how is your life, I wanted to ask.

I lifted it, took it outside.

This first day when I could do nothing,
contribute nothing
beyond staying distant from my own kind,
I did this.
~Jane Hirshfield from “Today, When I Could Do Nothing”

The other day, as I sat down in the grass to take pictures, I felt a tickle at the nape of my neck. I reached up, picked up something, and when I looked to see what it was, I found a tiny ant crushed in my fingers. Suddenly it felt like things were crawling everywhere on me, especially my scalp. I shook out my hair and clothes and found there weren’t any more ants. It was only one very unfortunate defenseless victim who chose the wrong place and time to inhabit me – unexpected, unwanted and unwelcome.

As a child, I was fascinated by the ant hills in the woods and fields of our small farm. I would track yards and yards of ant trails from the busy mounded colonies to tree trunks and other sources of food, watching the single file single-minded insects heading through all sorts of terrain to sustain their community. Having ants crawling on me wasn’t a problem then – they were part of my exploration of creation and sometimes they explored me.

How is your life, I wanted to ask.

Now as an adult, I confess I pay regularly for someone to come to the farm to spray around our house to prevent a resurgence of carpenter ants that threatened our foundation and walls some years ago. It works pretty well so I don’t have to deal with the reality of nature/creation invading my personal space. My wholistic acceptance of my co-existence with ants ends at my front door. No welcome mat for them, thou shalt not trespass.

I don’t seek to fathom their heart or a felt need to find food.

So now our country is embroiled in the polarizing issue of whether to protect the defenseless when they are unexpected, unwanted and unwelcome, especially when it may pose great personal risk to another. Many of those most upset by the judicial decision have a voice to protest today because their mother let them live, even though their conception was unexpected, unwanted and unwelcome. They were not prevented through prophylactic means, they were not squished in an intentional self-defensive move.

They were indeed part of creation.

They are living and whole and as angry and anxious as I was when I thought I was crawling with ants.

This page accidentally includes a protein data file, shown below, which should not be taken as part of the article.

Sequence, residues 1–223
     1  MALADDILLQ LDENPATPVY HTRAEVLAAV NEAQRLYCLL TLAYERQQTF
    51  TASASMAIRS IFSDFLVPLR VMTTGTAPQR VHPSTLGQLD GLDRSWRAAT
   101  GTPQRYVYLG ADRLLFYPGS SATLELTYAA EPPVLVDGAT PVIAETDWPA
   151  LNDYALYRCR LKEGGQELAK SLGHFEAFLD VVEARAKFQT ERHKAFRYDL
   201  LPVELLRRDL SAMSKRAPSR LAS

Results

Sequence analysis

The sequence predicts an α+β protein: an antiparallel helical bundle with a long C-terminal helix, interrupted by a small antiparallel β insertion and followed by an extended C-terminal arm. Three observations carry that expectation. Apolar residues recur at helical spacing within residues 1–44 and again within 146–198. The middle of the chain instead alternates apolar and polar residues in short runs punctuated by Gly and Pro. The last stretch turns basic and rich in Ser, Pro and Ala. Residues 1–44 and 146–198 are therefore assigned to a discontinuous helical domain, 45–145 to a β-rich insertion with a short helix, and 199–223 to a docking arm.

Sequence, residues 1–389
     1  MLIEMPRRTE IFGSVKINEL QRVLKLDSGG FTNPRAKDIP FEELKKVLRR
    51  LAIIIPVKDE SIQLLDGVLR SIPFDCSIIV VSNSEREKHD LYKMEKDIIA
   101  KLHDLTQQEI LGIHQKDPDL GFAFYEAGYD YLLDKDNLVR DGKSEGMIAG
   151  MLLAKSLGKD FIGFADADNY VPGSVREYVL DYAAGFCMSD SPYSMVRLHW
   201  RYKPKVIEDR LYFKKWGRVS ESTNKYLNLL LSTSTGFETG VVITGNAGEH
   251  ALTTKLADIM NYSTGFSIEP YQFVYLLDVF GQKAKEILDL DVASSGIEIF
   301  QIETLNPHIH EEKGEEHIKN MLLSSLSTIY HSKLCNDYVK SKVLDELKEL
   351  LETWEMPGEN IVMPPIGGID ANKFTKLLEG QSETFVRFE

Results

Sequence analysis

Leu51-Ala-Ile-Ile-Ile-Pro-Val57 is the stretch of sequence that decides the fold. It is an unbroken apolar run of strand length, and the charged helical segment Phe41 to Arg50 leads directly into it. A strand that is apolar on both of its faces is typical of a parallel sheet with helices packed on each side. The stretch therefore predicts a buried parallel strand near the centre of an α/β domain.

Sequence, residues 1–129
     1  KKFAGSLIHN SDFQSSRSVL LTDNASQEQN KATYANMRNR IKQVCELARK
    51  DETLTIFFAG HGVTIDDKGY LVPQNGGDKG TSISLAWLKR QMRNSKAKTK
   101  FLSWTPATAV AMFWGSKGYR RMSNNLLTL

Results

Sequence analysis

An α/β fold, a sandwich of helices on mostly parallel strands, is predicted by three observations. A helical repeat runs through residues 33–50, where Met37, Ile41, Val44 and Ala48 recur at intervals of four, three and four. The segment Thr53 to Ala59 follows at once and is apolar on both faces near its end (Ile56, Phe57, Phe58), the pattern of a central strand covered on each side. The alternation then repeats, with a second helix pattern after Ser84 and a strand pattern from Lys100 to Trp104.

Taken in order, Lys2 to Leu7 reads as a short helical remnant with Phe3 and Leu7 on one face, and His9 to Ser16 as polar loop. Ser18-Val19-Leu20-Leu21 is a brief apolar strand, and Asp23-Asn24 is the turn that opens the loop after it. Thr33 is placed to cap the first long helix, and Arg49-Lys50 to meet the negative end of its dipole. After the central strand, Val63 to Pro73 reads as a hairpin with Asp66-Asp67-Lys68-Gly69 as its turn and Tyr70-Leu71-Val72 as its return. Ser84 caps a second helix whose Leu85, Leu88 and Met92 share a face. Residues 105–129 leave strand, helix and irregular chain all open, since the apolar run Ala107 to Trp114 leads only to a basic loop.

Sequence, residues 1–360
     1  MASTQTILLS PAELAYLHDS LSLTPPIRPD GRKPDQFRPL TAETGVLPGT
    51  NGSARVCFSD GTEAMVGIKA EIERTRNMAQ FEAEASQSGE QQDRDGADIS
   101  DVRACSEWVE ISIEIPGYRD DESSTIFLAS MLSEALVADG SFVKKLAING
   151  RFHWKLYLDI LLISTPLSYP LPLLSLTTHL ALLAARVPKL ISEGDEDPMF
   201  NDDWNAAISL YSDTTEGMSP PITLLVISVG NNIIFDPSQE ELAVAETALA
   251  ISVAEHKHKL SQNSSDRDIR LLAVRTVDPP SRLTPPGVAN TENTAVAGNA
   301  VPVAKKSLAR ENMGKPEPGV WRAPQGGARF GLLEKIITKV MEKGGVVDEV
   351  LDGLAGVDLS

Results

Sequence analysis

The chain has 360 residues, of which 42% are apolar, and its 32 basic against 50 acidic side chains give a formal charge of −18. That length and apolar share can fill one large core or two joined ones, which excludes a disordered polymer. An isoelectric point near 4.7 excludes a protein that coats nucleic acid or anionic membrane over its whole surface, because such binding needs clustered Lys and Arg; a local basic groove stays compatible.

How is your life, I want to ask. How is it to feel what you are feeling right now?

I fathom your beating heart and that of a mother’s loving heart of selfless sacrifice.

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A Good Place For Us All to Live

This country will not be a good place for any of us to live in unless we make it a good place for all of us to live in.
~ Theodore Roosevelt

What is that which the breeze, o’er the towering steep,
As it fitfully blows, half conceals, half discloses?
Now it catches the gleam of the morning’s first beam,
In full glory reflected, now shines on the stream:
Tis the star-spangled banner…
~Francis Scott Key – excerpt from the rarely sung second verse

I grew up with a flag pole in our front yard; the American flag was raised every morning by my WWII veteran father and lowered at dusk every evening. This was far more than a ritual for my father; he saw it as his obligation and privilege after the three years he spent as a Marine officer in the South Pacific. He had the freedom, as well as the necessity, to declare our hard-won liberty to any who passed by. The flag was his reminder, a tangible symbol of having fought beneath it, watching others shed blood and die for it.

My father was not one to weep – ever. But his eyes filled up when we visited the original The Star-Spangled banner in its display at the Smithsonian Institute in the 1960s, and again as we stood before the Iwo Jima Memorial Marine flag-raising sculpture. The fact the flag meant so much to him is impressed and imprinted upon me.

He would have been horrified at how the flag is currently misused as a symbol of “my patriotism is more true and pure than yours” — it was displayed like a talisman by the rioters who stormed the Capitol building on January 6, 2021. The American flag has been through many tough times since it was designed – during my lifetime it was burned as an expression of free speech and ignored when people are asked to recite “The Pledge of Allegiance.”

The flag now seems to be Exhibit A representing our deep divisions rather than our unity.

June 14 (Flag Day) no longer has the impact that it had over a century ago when it was first declared, observing the day in 1777 the Second Continental Congress passed a resolution to create a flag for the new United States. My mother, growing up in the isolation of the Palouse wheat farms in eastern Washington state, would reminisce about Depression-era Flag Day parades, picnics and celebrations in the small farming communities of Waverly and Fairfield. It was a mere warm up for the all-out patriotic gatherings planned for July 4 – indeed a community on display.

As I place our flag out on our porch today, I am honoring it as a symbol of a country which values the freedoms of all people.

May this banner fly proudly for many generations to come.
Here is the proof, through all the dark and contentious nights of our country’s history, that our flag is still here.

Let’s ensure this is a good place for all of us to live in.

The Star Spangled Banner – Smithsonian Institute
Iwo Jima monument – Arlington Cemetery

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The World’s Most Sensitive Cargo

Go north a dozen years
on a road overgrown with vines
to find the days after you were born.
Flowers remembered their colors and trees
were frothy and the hospital was


behind us now, its brick indifference
forgotten by our car mirrors. You were
revealed to me: tiny, delicate,
your head smelling of some other world.
Turn right after the circular room


where I kept my books and right again
past the crib where you did not sleep
and you will find the window where
I held you that morning
when you opened your eyes. They were


blue, tentative, not the deep chocolate